Nearly three decades since South Africa’s democratic transition in 1994, the country remains deeply fragmented. Its political transition has not been matched by a similar transition in the creation of an inclusive post-apartheid economy and, as a result, the continued reproduction of racialised wealth distribution patterns renders the country vulnerable in terms of the sustainability of its political system.
In a fourth country study publication, the Inclusive Economies Project traces the causes and effects of the shortcomings in creating a fairer and more equitable society and pays particular attention to the weaknesses in the system of governance to respond with more urgency and efficiency.
Persisting inequity in the distribution of wealth and capital have prevented those historically barred from free economic participation from acquiring wealth, trapping millions at the bottom of a class structure which provides little prospect for upward mobility. Access to the steppingstones of human development, such as education, have also been wrought with inequalities of access and quality. For the marginalised, secure employment is the only means to acquire capital, but even the labour market has been constrained by an inequitable economy that leaves most behind. Presently, unemployment is higher than ever before and threatens to push many in the middle class into poverty. Simultaneously, increasing poverty and inequality continue to put strain on the wellbeing of the population.
Overseeing these worrying developments has been a government that seems to have grown more concerned with its self-preservation than with the greater good of South Africans. This, alongside state capture and widespread looting of public funds and assets, has had a damaging impact on development prospects that has subsequently amassed trust deficits. Nationally representative public opinion data shows that both vertical and horizontal trust have been in freefall for more than a decade. In terms of the former, trust between the state and society has continued to plummet since 2011. Between 2011 and 2012, civil action more than tripled and continued to increase in the years thereafter. Horizontal trust has also taken a knock, with South Africans citing race, class and politics as the most divisive facets of South African society. This, alongside the deflated economy and high levels of deprivation among South Africans, has created an intensifying competition over scarce resources. Not only does this force people to live in survival mode; it also heightens tensions between people and exposes parts of the population to capture by populist narratives.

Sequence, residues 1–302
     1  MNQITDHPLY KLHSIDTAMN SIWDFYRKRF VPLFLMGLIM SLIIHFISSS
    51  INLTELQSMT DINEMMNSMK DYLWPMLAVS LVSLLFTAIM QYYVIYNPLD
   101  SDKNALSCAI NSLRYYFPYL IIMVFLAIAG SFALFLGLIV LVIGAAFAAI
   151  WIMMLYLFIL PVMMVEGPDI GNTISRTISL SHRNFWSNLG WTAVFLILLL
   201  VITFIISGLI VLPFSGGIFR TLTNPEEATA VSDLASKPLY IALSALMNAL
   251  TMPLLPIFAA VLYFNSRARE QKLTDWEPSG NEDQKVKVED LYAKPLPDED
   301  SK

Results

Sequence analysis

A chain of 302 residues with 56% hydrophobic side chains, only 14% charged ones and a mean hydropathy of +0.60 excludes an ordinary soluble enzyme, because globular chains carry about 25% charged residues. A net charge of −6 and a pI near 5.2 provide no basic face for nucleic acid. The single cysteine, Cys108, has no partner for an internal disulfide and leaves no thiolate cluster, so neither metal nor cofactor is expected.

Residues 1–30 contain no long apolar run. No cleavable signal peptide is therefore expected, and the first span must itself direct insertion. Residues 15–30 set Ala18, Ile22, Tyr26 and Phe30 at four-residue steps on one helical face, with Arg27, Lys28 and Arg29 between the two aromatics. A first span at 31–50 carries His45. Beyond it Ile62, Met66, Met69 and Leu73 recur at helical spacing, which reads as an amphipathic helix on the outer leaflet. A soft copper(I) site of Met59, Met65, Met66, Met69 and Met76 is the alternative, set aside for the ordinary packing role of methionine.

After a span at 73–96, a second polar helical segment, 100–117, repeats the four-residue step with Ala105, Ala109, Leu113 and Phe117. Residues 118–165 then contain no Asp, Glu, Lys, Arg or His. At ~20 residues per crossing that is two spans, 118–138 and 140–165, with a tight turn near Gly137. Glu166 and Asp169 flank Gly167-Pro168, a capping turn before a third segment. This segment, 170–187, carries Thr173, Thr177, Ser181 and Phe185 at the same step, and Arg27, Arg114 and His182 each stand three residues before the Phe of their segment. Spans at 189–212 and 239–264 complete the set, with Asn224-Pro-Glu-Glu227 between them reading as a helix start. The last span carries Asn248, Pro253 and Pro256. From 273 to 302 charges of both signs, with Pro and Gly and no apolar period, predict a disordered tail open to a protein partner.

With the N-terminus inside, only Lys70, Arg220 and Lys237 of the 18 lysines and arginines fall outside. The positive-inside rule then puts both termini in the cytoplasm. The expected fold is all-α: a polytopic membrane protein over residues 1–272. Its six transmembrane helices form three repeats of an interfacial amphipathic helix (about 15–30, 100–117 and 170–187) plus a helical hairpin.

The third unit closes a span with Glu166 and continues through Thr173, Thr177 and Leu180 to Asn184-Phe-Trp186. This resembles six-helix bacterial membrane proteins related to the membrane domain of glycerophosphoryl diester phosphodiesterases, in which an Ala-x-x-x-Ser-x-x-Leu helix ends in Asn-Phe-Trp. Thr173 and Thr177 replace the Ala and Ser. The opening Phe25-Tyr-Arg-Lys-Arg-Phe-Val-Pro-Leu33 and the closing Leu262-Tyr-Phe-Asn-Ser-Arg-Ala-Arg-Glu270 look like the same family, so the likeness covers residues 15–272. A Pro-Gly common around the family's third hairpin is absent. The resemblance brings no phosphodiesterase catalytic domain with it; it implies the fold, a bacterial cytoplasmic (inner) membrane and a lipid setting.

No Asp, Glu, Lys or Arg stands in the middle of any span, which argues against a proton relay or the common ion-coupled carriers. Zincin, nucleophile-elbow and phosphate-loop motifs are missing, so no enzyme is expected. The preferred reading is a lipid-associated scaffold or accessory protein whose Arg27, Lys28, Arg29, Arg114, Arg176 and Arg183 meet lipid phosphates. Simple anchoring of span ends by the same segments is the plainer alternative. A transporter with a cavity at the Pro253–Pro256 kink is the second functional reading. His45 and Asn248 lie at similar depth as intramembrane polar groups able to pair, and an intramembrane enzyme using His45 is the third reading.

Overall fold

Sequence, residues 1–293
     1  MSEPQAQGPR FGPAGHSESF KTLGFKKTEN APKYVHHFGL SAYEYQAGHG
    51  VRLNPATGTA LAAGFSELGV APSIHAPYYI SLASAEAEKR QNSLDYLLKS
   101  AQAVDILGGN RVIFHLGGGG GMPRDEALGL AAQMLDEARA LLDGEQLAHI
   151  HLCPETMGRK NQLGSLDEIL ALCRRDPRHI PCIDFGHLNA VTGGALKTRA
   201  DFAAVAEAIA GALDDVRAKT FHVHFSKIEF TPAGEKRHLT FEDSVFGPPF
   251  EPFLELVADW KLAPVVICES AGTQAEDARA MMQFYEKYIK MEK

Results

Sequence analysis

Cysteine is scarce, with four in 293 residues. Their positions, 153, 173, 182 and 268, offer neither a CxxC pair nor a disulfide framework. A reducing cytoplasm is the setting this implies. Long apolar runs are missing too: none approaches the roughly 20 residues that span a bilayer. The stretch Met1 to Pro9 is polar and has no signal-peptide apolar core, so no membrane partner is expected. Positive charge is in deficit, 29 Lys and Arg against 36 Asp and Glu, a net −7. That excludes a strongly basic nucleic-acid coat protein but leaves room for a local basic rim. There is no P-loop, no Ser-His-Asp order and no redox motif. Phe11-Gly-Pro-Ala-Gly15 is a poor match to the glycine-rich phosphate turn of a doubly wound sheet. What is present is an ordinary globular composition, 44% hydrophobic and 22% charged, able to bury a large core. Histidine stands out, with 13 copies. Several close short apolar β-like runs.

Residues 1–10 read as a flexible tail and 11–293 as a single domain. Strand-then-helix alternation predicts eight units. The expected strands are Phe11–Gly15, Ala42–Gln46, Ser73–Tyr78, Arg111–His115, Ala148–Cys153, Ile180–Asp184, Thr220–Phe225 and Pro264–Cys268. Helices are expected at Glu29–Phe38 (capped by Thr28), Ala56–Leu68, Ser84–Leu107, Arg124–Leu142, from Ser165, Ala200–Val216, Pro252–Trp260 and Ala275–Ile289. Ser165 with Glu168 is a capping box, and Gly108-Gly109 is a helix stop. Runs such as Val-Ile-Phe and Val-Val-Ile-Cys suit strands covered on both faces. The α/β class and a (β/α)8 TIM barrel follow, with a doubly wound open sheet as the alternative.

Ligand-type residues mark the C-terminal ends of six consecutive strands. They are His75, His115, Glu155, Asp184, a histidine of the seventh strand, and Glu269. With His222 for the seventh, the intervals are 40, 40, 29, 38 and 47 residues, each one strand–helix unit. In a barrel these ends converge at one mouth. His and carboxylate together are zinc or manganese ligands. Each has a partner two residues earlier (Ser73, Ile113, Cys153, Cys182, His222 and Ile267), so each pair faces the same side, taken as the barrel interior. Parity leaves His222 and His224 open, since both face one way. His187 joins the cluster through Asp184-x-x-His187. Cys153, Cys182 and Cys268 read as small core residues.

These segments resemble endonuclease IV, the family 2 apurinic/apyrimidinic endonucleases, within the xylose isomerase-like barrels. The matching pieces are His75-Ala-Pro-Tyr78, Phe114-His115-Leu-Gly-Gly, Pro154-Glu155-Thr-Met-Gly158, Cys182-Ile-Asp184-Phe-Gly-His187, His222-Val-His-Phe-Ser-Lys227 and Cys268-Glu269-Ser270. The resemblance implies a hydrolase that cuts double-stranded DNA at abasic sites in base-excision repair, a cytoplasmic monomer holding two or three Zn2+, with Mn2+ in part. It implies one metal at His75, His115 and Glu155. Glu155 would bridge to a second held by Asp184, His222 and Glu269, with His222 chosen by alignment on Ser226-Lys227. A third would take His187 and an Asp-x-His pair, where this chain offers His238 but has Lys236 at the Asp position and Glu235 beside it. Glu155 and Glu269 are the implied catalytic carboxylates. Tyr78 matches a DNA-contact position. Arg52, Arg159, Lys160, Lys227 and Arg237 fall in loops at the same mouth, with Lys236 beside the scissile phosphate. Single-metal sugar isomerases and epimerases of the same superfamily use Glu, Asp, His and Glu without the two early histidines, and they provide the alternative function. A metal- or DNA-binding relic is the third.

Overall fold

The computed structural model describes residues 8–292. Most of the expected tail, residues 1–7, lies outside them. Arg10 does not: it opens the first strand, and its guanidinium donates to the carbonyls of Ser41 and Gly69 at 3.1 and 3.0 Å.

Amid an increasingly bleak economic outlook and growing debt servicing costs that crowd out other spending, the state appears incapable of implementing its Recovery Plan. At the same time, South Africans’ patience is running out with a government that is increasingly being forced into austerity. In the medium to long term, this environment, combined with rising interest rates, inflation and unemployment, could provide fertile ground for populist politics and growing instability. All of this has consequences for peaceful transformation and social cohesion.
In the face of these complex and mounting structural constraints, the authors consider what can be done to improve governance outcomes. Two core recommendations circle back to some of the key long-term National Development Plan (NDP) proposals, aimed at promoting continuity and innovation within the state. First, it is essential that the state strengthens its anticipatory capacity. This could take shape within Department of Planning, Monitoring and Evaluation (DPME) as a dedicated strategic foresight unit. Second, innovation borne from adaptive programmes that return agency at the community level can often be more cost efficient and easier to manage and monitor, while also creating space for inventive solutions that are too risky to pilot at a national scale. Together, these can interventions create room for strategic clarity, and innovative flexible responses attuned to the sensitivities at the local level. Without adaptability, structural barriers will continue to impede meaningful progress.
These are relatively low cost interventions that can, during design and implementation, breathe fresh ideas into how key social stakeholders collaborate in the creation of programmes that ultimately reduce human vulnerability and begin restoring trust, cohesion and wellbeing.
Jaynisha Patel, Project Leader: Inclusive Economies